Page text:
Make sure you stay hydrated in the heat before serious complications occur. In the simplest terms, dehydration occurs when you lose more water than you take in. Staying hydrated is important to keep all your body functions running smoothly. Since you work outdoors and exert yourself physically, you’ll want to take extra precautions as summer heats up.
On average, adults lose almost 10 cups of water a day simply by doing everyday tasks such as sweating, breathing and going to the bathroom. Electrolytes are also lost. These minerals, which include sodium, potassium and calcium, maintain the balance of fluids in the body. When you are doing physical work, you lose even more fluids and electrolytes.
How do you know if you’re dehydrated? You’ll begin to experience one or more of the following symptoms:
- Excessive thirst
- Sleepiness or tiredness
- Dry mouth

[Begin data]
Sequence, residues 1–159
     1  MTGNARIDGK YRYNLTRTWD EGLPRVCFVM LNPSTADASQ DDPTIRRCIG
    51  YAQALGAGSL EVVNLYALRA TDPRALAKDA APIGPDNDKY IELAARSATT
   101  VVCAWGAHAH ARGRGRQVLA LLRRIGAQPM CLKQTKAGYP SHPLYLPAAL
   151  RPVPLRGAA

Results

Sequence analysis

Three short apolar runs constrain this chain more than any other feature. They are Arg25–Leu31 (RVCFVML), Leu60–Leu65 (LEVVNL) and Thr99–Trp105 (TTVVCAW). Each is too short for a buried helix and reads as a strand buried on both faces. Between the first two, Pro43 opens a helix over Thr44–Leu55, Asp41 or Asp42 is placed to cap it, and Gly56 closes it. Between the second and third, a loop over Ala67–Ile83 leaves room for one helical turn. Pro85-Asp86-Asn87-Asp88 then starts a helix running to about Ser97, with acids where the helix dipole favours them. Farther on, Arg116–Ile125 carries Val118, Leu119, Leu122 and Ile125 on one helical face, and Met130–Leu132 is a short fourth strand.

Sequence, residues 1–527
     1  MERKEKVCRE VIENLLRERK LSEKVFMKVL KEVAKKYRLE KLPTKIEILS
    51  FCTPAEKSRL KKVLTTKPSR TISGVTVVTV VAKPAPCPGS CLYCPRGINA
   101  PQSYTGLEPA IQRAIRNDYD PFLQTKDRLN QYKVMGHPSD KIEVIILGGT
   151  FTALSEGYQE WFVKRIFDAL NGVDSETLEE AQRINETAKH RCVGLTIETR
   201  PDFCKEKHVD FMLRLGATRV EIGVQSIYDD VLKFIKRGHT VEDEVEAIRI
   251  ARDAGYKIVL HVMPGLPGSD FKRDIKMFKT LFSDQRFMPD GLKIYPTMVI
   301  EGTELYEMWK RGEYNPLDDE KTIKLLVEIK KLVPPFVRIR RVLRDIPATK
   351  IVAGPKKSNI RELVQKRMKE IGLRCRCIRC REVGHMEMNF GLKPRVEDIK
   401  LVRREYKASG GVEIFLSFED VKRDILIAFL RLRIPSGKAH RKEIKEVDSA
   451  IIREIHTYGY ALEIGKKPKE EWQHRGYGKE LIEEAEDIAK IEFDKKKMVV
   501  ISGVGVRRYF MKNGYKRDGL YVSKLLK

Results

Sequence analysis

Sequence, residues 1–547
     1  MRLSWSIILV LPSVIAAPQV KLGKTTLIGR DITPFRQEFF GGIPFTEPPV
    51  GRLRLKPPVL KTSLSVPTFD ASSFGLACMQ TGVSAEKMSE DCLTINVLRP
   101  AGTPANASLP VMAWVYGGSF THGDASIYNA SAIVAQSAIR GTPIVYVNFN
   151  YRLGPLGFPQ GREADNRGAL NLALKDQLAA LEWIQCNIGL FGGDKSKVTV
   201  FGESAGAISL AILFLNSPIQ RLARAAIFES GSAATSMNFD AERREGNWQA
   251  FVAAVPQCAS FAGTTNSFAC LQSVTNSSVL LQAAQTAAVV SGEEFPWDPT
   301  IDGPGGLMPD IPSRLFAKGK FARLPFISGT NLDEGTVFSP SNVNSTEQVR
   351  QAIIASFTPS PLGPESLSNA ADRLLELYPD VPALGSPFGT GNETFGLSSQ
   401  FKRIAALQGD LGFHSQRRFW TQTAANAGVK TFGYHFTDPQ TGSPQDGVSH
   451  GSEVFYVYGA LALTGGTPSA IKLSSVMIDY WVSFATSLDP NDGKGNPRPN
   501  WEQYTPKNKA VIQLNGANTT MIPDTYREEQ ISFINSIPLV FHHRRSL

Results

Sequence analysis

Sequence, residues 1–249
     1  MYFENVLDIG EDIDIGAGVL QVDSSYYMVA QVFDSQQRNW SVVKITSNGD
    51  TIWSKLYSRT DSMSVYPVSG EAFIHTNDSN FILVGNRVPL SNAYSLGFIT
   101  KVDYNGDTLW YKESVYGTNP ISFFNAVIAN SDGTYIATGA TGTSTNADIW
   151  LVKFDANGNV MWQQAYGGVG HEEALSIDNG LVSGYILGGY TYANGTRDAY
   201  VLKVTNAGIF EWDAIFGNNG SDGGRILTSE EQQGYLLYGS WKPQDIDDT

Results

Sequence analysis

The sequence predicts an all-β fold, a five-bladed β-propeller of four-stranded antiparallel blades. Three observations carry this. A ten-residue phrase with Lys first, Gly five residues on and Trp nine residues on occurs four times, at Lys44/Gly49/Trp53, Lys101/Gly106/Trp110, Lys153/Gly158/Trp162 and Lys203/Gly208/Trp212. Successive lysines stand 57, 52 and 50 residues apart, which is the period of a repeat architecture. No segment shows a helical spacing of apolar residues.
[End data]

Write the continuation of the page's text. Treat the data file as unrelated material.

- Muscle weakness
- Dizziness or lightheadedness
The best defense against dehydration is prevention. That sounds easy enough—consume lots of fluids and foods high in water such as fruits and vegetables—but the question as to how much fluid can be complex.
Unfortunately, determining appropriate water intake isn’t an exact science, especially because so much depends on age, physical condition, activity level, location and body chemistry. The best overall approach is to make a conscious effort to stay hydrated. In hot weather, skip coffee or soda, and make water your beverage of choice.
Exertion is part of working outdoors, but you’ve got to take care of yourself. Take frequent water breaks. Adjust your intake to match your activity level and working conditions to stay healthy and alert. If you begin to feel symptoms of dehydration, don’t ignore them.